When Amy Bartell walked into this high-end Central California backyard, she immediately knew her job. The home was almost 20 years old … and so was the pool.
The low-lying vessel couldn’t have been more dated, and the homeowners didn’t have the budget for a structural remake. But fortunately, the vessel had more straight lines than curved, which would help it blend well with the home.
Bartell, the landscape architect, worked alongside pool builder Jeff Kearns to bring this American Dream into the 21st Century.
Looking directly into the backyard was the home’s main living area, with its ceiling towering two stories high. It was a very vertical space, but the pool was mostly horizontal, with an ever-so-slightly-raised bond beam sitting mere inches above the rest of the coping.
Bartell wanted to bring the living room’s verticality into the backyard while creating some eye candy to be enjoyed from all angles. To fit the bill, she gave the back wall more presence by raising it to 5 feet and turning it into a waterfeature.
The clients wanted a gentle water wall effect, with the fluid clinging to the surface. So Kearns built a trough at the top. “I could have had a custom-built cascade, but cascades really aren’t made to cling to the wall,” Kearns says.
Creating the trough meant the wall had to be 18 inches thick. To make sure the original shell could take the extra weight, Kearns enlisted the help of Anaheim, Calif.-based structural engineer Ron Lacher, president of Pool Engineering . Lacher directed the builder to bulk up the pool shell in that area, adding more concrete to the front and back of the wall.
It was a simple design, requiring the perfect veneer choice to make the water dance and sparkle in just the right way, especially when lit up at night. This is where the wife, an interior designer, came in. She consulted glass-tile manufacturer Bisazza Mosaico to come up with the perfect custom mix of greens and blues.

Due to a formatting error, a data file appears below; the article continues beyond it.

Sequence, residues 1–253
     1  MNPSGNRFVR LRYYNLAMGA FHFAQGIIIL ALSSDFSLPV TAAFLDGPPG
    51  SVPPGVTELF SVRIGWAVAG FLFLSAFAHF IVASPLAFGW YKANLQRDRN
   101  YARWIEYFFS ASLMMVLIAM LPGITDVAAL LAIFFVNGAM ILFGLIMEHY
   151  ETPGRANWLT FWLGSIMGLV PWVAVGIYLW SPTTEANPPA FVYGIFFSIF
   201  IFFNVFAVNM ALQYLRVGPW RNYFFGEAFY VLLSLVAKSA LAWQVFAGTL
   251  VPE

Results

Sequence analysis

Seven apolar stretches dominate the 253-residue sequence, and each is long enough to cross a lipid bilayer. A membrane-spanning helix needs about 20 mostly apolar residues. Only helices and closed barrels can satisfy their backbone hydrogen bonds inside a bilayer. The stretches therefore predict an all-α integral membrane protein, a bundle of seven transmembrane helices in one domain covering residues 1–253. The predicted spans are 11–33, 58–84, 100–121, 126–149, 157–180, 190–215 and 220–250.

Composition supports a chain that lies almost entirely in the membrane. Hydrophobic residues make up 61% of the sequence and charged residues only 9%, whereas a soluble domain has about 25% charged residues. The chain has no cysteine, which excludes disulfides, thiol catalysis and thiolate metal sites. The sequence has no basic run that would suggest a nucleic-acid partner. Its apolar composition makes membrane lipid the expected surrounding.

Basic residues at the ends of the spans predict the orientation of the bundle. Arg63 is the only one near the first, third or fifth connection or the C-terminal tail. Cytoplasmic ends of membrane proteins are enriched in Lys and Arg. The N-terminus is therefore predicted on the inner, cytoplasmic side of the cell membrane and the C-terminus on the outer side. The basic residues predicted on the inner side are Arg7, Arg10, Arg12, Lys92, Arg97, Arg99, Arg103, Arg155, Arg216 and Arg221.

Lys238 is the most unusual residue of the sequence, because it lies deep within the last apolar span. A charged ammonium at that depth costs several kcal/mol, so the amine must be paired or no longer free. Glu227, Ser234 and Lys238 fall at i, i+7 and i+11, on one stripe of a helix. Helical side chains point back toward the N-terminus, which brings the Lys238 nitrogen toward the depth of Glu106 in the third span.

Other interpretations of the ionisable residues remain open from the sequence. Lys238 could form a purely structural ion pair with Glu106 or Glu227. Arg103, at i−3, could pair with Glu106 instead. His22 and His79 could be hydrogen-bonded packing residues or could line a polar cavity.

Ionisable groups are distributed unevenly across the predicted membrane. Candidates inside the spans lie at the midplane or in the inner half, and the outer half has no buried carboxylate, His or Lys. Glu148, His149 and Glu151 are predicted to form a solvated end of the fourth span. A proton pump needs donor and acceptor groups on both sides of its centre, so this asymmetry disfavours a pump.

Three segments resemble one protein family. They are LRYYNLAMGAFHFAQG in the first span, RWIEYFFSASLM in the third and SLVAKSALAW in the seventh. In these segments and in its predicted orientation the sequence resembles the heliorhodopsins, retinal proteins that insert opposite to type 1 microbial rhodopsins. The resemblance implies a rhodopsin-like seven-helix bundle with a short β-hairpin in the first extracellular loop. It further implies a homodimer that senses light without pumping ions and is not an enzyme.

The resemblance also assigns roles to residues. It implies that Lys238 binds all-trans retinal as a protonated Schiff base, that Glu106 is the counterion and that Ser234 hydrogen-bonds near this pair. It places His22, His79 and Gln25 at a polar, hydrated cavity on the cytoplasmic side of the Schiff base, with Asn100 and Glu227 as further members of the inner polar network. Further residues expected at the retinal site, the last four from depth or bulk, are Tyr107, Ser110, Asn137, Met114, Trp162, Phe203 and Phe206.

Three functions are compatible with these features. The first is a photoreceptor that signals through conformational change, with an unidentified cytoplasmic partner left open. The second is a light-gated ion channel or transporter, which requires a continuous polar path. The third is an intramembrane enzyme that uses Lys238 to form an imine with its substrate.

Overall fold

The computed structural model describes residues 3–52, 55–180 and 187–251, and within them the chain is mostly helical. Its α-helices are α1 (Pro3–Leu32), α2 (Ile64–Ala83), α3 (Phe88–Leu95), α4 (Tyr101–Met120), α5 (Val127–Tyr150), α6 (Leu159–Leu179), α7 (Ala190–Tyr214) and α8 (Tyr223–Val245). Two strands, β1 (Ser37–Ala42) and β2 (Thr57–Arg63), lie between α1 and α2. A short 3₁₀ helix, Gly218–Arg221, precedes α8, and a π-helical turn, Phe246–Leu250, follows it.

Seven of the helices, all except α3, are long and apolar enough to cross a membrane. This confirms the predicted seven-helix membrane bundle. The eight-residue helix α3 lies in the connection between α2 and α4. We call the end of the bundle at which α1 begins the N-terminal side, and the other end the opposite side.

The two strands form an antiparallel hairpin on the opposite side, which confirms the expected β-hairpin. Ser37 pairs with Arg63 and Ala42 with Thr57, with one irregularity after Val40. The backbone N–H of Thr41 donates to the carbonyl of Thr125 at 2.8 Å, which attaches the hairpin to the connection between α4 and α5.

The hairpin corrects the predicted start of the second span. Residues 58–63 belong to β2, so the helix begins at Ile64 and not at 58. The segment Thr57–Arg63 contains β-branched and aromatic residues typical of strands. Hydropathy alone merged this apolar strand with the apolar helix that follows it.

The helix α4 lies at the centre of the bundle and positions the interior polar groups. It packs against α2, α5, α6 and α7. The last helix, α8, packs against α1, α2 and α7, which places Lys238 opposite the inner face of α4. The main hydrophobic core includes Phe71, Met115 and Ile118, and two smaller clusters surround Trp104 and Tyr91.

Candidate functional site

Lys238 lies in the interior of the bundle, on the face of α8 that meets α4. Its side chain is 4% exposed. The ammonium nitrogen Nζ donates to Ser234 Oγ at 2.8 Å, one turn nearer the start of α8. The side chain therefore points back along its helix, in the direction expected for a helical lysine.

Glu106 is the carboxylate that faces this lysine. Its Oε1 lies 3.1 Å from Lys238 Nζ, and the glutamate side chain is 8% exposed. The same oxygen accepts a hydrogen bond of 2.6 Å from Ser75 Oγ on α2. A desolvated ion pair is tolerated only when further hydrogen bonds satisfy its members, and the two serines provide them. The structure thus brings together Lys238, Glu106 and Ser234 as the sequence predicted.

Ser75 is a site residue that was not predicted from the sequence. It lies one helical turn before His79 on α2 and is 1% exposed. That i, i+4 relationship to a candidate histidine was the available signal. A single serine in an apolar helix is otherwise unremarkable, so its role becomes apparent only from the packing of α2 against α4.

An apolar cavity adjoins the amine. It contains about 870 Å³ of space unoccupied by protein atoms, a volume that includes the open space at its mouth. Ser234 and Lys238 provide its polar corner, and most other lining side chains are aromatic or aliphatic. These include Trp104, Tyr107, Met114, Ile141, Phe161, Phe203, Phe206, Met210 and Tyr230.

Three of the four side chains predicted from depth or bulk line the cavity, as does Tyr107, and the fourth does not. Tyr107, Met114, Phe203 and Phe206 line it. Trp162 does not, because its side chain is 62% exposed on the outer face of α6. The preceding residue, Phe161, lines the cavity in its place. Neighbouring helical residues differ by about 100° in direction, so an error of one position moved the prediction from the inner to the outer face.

To blend with the mosaic, Bartell found a ceramic “subway” tile with variegated greens to be used at the waterline. The rectangular-shaped pieces were brick-set.
Other features add dimensionality to the space. To start, the yard already had a raised planter with a mature Japanese maple. For balance, Bartell decided to add another raised planter on the opposite side of the main pool stairway.
The team outfitted both planters with sheet waterfalls, and Kearns slightly cantilevered the cap for more comfortable seating.
Additional height was added to the yard when the team placed a tent-like canopy structure in the back corner. The couple had wanted a covered seating area that was large enough to accommodate a big-screen television. Bartell liked the idea of providing a destination in the back of the yard.
“We didn’t want it to be a real heavy structure,” she says. “We wanted it to be something that would last for a while and have more of a soft, tent feel so that it would move a little bit in the breeze. The drapes actually close, so if it’s really sunny, you can just build in some shade there.”
For the pool’s interior, a classic white plaster creates the perfect aqua to complement the greens on the wall. Small mosaic turtles and starfish, chosen by the homeowners, swim across the floor as a whimsical touch for their children.
Bartell believes the finished product accomplished her initial goal: “It was all about pulling materials together and making something that would be timeless and really speak to the house.”